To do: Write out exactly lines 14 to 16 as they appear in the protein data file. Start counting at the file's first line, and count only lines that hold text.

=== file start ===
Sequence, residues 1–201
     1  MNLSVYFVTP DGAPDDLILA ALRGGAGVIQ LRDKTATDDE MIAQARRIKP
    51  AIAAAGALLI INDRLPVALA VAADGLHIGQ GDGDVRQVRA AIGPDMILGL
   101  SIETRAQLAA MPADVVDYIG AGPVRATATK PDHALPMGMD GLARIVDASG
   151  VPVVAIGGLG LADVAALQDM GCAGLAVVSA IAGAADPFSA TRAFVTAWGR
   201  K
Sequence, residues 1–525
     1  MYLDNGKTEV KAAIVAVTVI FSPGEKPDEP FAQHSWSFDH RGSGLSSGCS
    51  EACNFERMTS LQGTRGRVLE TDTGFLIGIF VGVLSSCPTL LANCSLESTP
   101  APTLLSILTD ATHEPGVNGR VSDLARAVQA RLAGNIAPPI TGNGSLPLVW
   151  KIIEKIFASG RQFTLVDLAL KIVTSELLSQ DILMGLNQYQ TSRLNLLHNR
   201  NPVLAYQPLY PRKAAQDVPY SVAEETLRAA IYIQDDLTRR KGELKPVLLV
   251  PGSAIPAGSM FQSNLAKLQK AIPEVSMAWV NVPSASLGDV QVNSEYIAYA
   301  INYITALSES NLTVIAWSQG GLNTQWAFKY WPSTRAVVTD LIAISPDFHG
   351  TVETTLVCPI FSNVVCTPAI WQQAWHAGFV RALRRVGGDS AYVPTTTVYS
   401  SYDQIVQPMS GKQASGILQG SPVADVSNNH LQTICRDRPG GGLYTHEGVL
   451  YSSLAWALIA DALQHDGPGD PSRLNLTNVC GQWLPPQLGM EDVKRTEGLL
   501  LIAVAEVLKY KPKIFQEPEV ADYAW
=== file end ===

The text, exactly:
   301  INYITALSES NLTVIAWSQG GLNTQWAFKY WPSTRAVVTD LIAISPDFHG
   351  TVETTLVCPI FSNVVCTPAI WQQAWHAGFV RALRRVGGDS AYVPTTTVYS
   401  SYDQIVQPMS GKQASGILQG SPVADVSNNH LQTICRDRPG GGLYTHEGVL